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Interviews

Sonny Fortune: In Pursuit Of Music

By Published: September 19, 2006

AAJ: Out of all the many gigs you've played, history will be judging you by only a few records?

SF: [still laughing] I've done played a billion, probably, solos, over all the years that I've been playing. And how many recordings have I done? So, that is one of my illnesses right there. I just think that recording is somewhat unfair. But you have to treat it like what it is, and that is a moment that you kind of get a chance to wear your suit and tie.

AAJ: By that you mean you're a little bit more polite on your records.

SF: Yeah. At least, that is how I see it. You have to be more deliberate, more clear, more controlled. Those kinds of things that you should have all the time, but at a moment such as recording, because it is what it is and it is that moment, sometimes it's a moment [laughs] that you say, "Wow, I wish that moment never came about. And then sometimes, what you'd like to say, and I certainly would say about these Blue Note recordings, and the Continuum recording, is that they are moments that I feel very good about. Even though I know that they're only moments.

Sonny FortuneAAJ: Do you feel that you learned some things about the recording process making records as a sideman with Miles Davis.?

SF: Well I've learned something in all of my experiences in recording and what I've learned is pretty much what I just said a minute ago. To give more detail to that, I've learned that you've got to kind of organize that moment. Speaking for me, being responsible for the date, for the session—you've got to kind of organize that moment. Time is money; you've got to create a product that you feel good about; you've got to get the guys in the mood and feeling good about the moment. I say it's hard to come out on the gig and say, "Poof! Hey, let's play some music. It's not that kind of a setting. That is my explanation for why I haven't [recorded live yet], because I've heard that question often. I say that the recordings that I've heard of Charlie Parker that have knocked me clear off my feet are when he was in a club somewhere playing, on a gig somewhere playing and he was just playing.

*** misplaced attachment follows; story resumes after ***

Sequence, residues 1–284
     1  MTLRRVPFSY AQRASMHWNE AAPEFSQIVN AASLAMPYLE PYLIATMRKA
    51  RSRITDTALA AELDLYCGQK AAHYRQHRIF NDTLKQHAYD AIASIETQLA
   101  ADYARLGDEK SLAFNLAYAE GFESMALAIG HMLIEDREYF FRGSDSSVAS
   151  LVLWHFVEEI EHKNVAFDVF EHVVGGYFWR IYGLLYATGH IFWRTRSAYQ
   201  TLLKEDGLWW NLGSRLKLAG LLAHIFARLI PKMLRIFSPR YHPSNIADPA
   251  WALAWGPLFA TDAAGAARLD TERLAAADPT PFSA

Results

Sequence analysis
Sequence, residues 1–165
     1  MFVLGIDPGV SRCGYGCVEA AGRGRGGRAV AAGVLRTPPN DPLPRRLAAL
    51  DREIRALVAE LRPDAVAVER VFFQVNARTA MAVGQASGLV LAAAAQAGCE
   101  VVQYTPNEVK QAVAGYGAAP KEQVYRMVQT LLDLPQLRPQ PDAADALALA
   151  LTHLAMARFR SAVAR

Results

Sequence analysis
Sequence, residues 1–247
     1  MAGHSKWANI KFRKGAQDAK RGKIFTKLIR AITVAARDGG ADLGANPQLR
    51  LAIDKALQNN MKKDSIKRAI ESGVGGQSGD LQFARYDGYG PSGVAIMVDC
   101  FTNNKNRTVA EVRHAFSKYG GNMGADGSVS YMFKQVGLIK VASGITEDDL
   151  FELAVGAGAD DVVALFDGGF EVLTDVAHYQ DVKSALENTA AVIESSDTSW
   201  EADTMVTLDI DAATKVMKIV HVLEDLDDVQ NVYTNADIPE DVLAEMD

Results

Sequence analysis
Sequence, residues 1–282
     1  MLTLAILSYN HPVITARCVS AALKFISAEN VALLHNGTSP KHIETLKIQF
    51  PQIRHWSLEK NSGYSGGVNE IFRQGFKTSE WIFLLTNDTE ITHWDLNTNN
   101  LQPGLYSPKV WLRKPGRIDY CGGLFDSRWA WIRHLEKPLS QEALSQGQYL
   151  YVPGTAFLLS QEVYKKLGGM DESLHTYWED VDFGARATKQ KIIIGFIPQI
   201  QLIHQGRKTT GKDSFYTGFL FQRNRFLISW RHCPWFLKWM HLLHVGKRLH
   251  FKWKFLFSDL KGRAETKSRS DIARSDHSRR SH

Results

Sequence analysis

AAJ: He wasn't concerned with making a record.

SF: As a matter of fact this new CD that just came out [with Bird and Diz] at Town Hall [1947]. Man, I can't believe it! And I can't believe Dizzy. I can't believe either one of those cats. I can't believe Dizzy Gillespie on that date. So, you know, this music is very difficult, it's complicated from the standpoint [phew!] that when it's all said and done, you've got to make contact. [laughs] Otherwise, it's like whistling in the wind or something. You've got to say something that you mean, that can be felt and interpreted in some kind of way and yet you're not working off of a lyric or words that someone can just grab a hold of. So, it's not easy, recording.

One of things, to tell you the truth I was just thinking about it yesterday. One of the things that I also like about having my own label, is that I can record when I want to. Now this is really stretching way out there, but since you're talking to me, asking me the questions, it'll be me giving the answers—and that is that I just think that recording every whatever [period], because your contract says so, puts a lot of unnecessary pressure on you. I feel very good that, because that was kind of what I had with Blue Note, you know, I recorded every year. And remember that a couple of those years [I thought] "Wow! I'm not sure I know what I want to do here. Much to my surprise though, I came out with a product that I felt very good about, but it wasn't something that, you know, I just don't find it that easy to ...

AAJ: Record on demand?

SF: Yeah! Thank you, I guess that's what I was trying to find the words to say.

AAJ: A lot of what is traditional practice in the recording industry kind of goes against the grain of the creative jazz musician's regular behavior. Many musicians are used to playing from 9pm to 3am. Then they have to go and make a record from 9am to 3pm.

SF: Yeah, that's part of it, too. But you know, when you talk about the jazz musician, when you talk about the spontaneous creative musician, I mean [laughs] he's definitely walking on a different kind of platform, anyway. Late hours, you're right. Early in the morning, you're right. I mean the whole nine yards, but the music itself kind of represents this as well. The thing that I love about it is that the music itself has no boundaries; it expands itself as far as your imagination can go. I often say that it's something that could really only happen over here in an environment where, the people in the United States, well the people in New York are progressive.

AAJ: You pretty much only work as a leader these days. Although you have a good record as a sideman with Miles, McCoy [Tyner], Nat Adderley, Elvin Jones...

SF: Mongo Santamaria, Buddy Rich. Yeah, I've worked with a lot of great people.



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